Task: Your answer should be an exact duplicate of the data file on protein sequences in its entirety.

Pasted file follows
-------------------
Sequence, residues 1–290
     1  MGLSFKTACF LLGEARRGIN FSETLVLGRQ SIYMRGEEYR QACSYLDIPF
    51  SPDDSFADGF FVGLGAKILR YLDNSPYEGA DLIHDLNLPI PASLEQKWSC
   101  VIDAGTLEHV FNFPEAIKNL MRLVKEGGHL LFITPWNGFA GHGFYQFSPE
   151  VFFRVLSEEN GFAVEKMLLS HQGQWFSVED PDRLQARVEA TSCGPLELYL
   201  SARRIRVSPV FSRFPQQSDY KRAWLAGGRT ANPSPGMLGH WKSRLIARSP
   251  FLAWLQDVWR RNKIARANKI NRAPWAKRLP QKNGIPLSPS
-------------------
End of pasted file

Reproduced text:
Sequence, residues 1–290
     1  MGLSFKTACF LLGEARRGIN FSETLVLGRQ SIYMRGEEYR QACSYLDIPF
    51  SPDDSFADGF FVGLGAKILR YLDNSPYEGA DLIHDLNLPI PASLEQKWSC
   101  VIDAGTLEHV FNFPEAIKNL MRLVKEGGHL LFITPWNGFA GHGFYQFSPE
   151  VFFRVLSEEN GFAVEKMLLS HQGQWFSVED PDRLQARVEA TSCGPLELYL
   201  SARRIRVSPV FSRFPQQSDY KRAWLAGGRT ANPSPGMLGH WKSRLIARSP
   251  FLAWLQDVWR RNKIARANKI NRAPWAKRLP QKNGIPLSPS